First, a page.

The transition to renewable energy in the United States is facing a good news, bad news scenario. The good news: aggressive decarbonization goals, the growth of ESG investment strategies and a willing investor class have supported higher-than-expected delivery of renewable-energy power projects in recent years.
The bad news: in many parts of the country — mostly where it makes the most sense to build more solar and wind — there is not enough transmission grid capacity for the current pace of growth to continue.
“If the plan is to double the amount of renewable-energy generation, then we must more than double the grid,” says Jeff Weiss, executive chairman of renewable energy services provider, Distributed Sun. “As it stands, with today’s rate of grid development, there is zero chance for that to happen.”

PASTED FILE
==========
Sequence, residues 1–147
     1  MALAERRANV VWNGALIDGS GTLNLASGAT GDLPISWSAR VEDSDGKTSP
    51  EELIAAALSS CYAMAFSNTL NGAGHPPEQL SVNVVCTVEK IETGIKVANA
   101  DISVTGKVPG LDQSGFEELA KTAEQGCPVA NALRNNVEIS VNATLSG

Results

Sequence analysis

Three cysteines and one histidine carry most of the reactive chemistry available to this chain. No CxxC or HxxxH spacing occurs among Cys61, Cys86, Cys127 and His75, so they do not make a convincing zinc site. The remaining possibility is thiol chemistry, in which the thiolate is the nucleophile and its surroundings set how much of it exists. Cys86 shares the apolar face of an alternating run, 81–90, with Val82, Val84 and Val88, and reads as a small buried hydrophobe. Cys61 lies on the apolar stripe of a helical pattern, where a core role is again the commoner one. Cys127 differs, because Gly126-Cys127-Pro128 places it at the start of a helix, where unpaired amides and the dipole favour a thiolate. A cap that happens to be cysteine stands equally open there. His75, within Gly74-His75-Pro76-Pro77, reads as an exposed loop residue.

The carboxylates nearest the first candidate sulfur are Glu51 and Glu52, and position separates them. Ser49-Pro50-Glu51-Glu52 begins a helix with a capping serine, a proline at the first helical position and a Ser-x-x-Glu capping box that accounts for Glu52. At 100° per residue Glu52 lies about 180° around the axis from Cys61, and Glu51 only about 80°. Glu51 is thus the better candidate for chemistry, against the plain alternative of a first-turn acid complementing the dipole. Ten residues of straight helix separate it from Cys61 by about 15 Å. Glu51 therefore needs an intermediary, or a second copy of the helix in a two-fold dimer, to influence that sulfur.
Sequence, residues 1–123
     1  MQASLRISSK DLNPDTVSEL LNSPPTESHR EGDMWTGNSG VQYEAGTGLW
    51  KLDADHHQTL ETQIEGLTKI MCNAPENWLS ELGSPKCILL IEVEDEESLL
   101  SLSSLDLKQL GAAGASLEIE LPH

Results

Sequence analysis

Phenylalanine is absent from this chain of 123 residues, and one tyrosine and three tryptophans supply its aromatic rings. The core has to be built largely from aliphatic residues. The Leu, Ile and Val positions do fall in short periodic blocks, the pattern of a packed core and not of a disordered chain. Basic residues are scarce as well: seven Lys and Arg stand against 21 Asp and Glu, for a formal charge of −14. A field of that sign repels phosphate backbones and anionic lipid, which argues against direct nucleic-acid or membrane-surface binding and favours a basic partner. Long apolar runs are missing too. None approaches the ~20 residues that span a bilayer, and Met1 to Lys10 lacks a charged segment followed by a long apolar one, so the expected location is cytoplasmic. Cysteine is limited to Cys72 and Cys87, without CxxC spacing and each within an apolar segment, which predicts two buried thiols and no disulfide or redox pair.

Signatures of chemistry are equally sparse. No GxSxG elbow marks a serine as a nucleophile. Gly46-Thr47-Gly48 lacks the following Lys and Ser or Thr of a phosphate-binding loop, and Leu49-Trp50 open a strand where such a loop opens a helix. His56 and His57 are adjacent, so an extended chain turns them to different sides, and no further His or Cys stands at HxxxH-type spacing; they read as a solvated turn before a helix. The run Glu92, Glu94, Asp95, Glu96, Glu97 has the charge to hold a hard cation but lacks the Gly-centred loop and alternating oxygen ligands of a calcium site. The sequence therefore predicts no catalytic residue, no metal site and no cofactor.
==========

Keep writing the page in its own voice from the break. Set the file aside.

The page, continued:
New and upgraded grid infrastructure is needed, and a lot of it. According to a comprehensive report published by Princeton University, Net-zer